So many corporations such as Bath & Body Works not only thrive off of Black History Month but ignore the message at hand. Just recently, Bath & Body Works has faced backlash for the recent Black History month collection they released. Instead of making a genuine effort to help the Black community, Bath & Body Works threw tribal print and positive words on products to show their supposed allyship. Even more appalling, their attempt at support was merely a watermelon-scented candle spotlighting the Black History Month collection display. Yet, I am not even surprised at the performative activism covered in racist tactics. We need to recognize Black people. Not only the Black people from the past but also the Black people now. There are so many issues obliterating Black communities and instead of receiving performative activism, we actually need change.

This starts from introducing more Black people instead of the same three in school. This starts from eradicating the school-to-prison pipeline. This starts from decreasing the rates Black people are killed by police officers — Black Americans are 3.23 times more likely than white Americans to be killed by police. In order to heal the racist tensions crippling our society today, we need to work to end these systemic problems rather than profiting from the commodification of Black humanity.

I believe Black History Month is problematic. Living in a predominantly Black community for the majority of my life, I have seen firsthand how little Black History Month has done for the Black community. What have these major corporations done to support Black communities instead of sticking the Black History Month logo on products? Nothing, whatsoever. Black History Month is just filled with performative acts from the government and corporations.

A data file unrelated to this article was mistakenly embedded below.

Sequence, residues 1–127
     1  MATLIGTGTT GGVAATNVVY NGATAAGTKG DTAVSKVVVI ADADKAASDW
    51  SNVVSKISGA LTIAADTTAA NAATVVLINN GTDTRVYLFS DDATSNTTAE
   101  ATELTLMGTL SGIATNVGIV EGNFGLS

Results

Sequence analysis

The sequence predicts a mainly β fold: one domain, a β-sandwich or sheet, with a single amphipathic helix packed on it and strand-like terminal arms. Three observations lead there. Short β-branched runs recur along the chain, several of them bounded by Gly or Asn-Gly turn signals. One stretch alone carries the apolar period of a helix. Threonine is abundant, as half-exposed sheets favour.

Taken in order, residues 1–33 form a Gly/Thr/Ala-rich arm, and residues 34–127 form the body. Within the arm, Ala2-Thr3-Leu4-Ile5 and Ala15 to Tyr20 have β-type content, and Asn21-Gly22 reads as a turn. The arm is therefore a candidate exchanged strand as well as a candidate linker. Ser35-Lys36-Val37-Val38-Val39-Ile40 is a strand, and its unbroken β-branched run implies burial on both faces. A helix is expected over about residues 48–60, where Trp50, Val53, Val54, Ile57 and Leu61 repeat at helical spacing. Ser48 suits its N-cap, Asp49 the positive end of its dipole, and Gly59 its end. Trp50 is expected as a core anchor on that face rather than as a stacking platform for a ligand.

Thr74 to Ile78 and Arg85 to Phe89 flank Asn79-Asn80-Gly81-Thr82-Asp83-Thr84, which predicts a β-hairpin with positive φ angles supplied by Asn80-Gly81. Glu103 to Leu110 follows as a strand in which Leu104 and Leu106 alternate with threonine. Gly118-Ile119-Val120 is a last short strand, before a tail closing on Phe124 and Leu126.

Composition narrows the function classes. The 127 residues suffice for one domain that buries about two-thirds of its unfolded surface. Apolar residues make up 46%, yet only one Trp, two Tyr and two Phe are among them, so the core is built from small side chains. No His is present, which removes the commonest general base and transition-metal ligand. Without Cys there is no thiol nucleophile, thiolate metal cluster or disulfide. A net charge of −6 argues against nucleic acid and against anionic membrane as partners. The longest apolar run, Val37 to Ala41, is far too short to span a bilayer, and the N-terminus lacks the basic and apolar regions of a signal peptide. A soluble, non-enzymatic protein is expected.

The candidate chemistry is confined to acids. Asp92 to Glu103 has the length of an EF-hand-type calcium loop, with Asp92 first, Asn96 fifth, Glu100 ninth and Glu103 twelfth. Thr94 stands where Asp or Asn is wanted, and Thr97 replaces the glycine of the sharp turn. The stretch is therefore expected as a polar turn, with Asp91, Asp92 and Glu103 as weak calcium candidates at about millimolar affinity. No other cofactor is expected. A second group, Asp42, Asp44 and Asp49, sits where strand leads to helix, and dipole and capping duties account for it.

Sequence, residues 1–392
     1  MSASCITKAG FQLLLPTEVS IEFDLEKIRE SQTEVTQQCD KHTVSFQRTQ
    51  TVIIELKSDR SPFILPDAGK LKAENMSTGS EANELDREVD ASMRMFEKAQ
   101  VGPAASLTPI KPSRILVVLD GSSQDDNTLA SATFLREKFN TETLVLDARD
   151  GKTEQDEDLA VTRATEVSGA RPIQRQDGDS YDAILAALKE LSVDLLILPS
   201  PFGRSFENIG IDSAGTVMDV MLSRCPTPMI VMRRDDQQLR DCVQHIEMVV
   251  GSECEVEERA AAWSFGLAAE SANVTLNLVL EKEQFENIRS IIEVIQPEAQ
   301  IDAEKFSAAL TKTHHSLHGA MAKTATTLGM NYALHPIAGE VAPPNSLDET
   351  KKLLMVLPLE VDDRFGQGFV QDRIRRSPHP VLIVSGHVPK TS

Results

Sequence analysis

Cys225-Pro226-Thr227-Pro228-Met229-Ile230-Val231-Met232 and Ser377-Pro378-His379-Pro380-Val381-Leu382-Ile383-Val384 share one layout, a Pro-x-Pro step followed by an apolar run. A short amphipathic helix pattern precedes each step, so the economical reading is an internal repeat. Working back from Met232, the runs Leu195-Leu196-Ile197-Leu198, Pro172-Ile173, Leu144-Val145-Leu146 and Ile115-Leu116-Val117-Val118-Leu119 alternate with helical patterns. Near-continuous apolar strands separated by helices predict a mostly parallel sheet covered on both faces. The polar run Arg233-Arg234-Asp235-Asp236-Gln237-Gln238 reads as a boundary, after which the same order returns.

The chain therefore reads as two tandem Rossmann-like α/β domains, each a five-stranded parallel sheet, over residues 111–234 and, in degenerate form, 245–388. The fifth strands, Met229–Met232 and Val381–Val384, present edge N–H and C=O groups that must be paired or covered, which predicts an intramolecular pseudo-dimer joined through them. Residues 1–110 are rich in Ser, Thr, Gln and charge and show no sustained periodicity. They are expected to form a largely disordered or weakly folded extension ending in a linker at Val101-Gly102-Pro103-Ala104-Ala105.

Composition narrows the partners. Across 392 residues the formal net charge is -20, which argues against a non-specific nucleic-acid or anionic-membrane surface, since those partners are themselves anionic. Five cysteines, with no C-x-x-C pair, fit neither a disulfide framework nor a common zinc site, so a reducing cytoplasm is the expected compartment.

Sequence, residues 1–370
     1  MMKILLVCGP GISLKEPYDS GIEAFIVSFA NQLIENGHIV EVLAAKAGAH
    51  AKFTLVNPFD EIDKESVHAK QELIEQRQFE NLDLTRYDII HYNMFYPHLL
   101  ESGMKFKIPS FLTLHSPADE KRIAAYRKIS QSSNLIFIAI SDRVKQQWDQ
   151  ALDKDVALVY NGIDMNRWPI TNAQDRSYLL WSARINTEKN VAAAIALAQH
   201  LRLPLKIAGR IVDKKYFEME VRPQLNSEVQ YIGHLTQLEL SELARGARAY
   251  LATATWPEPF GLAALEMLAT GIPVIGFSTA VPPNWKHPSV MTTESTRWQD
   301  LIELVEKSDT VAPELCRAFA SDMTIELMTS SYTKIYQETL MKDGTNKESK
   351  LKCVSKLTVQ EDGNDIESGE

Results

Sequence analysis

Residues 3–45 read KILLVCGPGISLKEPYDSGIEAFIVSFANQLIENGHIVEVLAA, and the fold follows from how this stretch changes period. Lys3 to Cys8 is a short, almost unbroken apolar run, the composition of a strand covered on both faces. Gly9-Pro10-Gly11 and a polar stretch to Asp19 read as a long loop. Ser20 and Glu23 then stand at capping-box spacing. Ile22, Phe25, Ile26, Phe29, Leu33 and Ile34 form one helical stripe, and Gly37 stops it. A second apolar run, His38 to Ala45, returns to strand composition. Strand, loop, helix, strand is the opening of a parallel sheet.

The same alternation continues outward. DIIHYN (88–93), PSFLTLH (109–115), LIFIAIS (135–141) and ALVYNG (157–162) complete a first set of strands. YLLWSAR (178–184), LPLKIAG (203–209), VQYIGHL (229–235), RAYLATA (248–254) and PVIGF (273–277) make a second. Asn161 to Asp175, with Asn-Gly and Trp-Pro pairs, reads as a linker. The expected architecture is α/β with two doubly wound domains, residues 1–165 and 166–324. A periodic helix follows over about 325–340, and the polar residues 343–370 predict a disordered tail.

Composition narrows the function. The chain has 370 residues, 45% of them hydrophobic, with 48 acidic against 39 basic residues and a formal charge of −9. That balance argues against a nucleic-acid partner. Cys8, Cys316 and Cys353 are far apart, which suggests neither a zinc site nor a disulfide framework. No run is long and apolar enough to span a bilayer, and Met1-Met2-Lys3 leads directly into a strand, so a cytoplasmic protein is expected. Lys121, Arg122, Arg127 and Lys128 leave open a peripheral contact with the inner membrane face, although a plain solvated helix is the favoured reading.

However, this should not stop us from teaching people about Black history. We can make Black History Month meaningful by not solely centering it around Black trauma. We should celebrate Black futures, support Black-owned businesses, volunteer in Black communities, donate to Black charities and amplify Black voices. 

“The decades of Black trauma are important to learn about so that we know why we are where we are today, and how the nation has used and abused Black bodies,” said Makalee Cooper (23Ox).

Together as a community, we can use this month to not only recognize Black historical leaders but also help Black communities. Black History Month should not be the only time when Black people are recognized — we deserve recognition all year.

Aisha Tunkara (23Ox) is from Atlanta, Georgia.


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Aisha Tunkara (she/her/hers) (23OX) is from Atlanta, Georgia. Currently she is undecided, but she might consider majoring in International Studies. Outside of the Wheel, Aisha is a peer facilitator for Empower Oxford, where she helps to facilitate Bystander Empowerment training. In her free time, Aisha loves visiting different boba shops around Georgia. Contact Aisha at aisha.tunkara@emory.edu